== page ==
During warm and sunny summer months, Castle Pipers, dressed in replicas of original clothes, blow their instruments at the Ljubljana Castle Viewing Tower (1. 8. - 26. 9. 2020, every Saturday at 11.30).

Although the Castle was once owned by the State Governor, it was the bourgeois who protected the town and the town hill. In addition to the bourgeois fortress (Šance), townspeople also took care of the Pipers’ Tower. This was in fact a reshaped entrance tower from the times of Frederick.

Listen to Castle Pipers: Grajski-piskaci.mp3 

On a wooden landing that was set up around the Pipers’ Tower (first mentioned in 1544), Castle Pipers would blow three trombones and one cornet every day at 11 a.m., thus announcing to towns people that noon, i.e. lunchtime, was nearing. It is not known when exactly this custom died out; however, sources still mention it in the 17th century. Certainly, playing music was not their primary task, but it is the one that was revived in 2010 due to its attractiveness and in memory of Castle Pipers. At present, sadly, Castle Pipers no longer play at the Pipers’ Tower, because the latter, standing in close proximity of the Viewing Tower from 1848, was severely damaged.

The project is being implemented in cooperation with Ljubljana Tourism.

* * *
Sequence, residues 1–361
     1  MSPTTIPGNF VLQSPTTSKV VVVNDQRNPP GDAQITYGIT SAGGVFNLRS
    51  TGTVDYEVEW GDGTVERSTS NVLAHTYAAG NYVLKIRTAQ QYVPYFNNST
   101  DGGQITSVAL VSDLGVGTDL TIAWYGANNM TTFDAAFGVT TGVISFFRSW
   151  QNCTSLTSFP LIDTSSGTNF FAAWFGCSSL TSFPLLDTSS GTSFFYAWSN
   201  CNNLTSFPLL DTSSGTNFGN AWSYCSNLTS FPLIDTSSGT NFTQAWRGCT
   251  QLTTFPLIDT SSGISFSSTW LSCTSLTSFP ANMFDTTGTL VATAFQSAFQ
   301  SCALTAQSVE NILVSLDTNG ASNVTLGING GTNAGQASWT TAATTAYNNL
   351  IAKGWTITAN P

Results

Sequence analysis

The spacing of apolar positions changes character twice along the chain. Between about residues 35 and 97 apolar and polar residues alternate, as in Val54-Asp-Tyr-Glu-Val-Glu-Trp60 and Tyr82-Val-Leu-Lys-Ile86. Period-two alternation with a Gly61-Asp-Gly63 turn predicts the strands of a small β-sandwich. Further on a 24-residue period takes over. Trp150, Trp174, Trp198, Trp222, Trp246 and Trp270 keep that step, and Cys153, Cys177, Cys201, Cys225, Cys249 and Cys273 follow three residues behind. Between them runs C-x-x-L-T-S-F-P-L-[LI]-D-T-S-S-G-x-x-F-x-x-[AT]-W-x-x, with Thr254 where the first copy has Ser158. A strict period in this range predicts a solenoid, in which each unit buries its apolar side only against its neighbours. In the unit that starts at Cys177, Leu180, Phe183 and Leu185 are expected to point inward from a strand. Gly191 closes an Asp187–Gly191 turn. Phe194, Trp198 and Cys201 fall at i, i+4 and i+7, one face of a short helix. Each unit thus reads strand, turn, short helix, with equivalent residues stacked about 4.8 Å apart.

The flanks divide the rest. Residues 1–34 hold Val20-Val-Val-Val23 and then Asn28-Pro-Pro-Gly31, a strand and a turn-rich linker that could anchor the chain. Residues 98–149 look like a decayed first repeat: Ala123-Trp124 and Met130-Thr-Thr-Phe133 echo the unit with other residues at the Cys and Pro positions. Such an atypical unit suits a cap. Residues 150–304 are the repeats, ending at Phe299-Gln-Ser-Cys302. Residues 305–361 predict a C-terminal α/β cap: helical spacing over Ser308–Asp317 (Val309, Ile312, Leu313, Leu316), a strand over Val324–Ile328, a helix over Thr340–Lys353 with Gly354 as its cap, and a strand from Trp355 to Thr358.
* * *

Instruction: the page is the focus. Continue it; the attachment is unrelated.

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Castle Scriptorium

When time stands still and loses its meaning, the castle scribe picks up a calligraphy pen and takes you on a trip to the distant past.

Wandering around the castle and its premises, you will encounter the Castle Scriptorium in the Castle Chapel. There you will become familiar with the old scripts used by master scribes in the past and have an opportunity to closely examine initials, reproductions of ancient documents, scribe’s tools and many other fascinating aspects of calligraphy. You can entrust the castle scribe with your name and take away an attractive souvenir, while at the same time gaining an appreciation of the beauty and value of the written word.

“Knjigobežnice”

Pick me up and read me! The project ‘Knjigobežnice’ (Book Vanishing Points), which encourages people to read and exchange books, now has its own space at the Ljubljana Castle as well.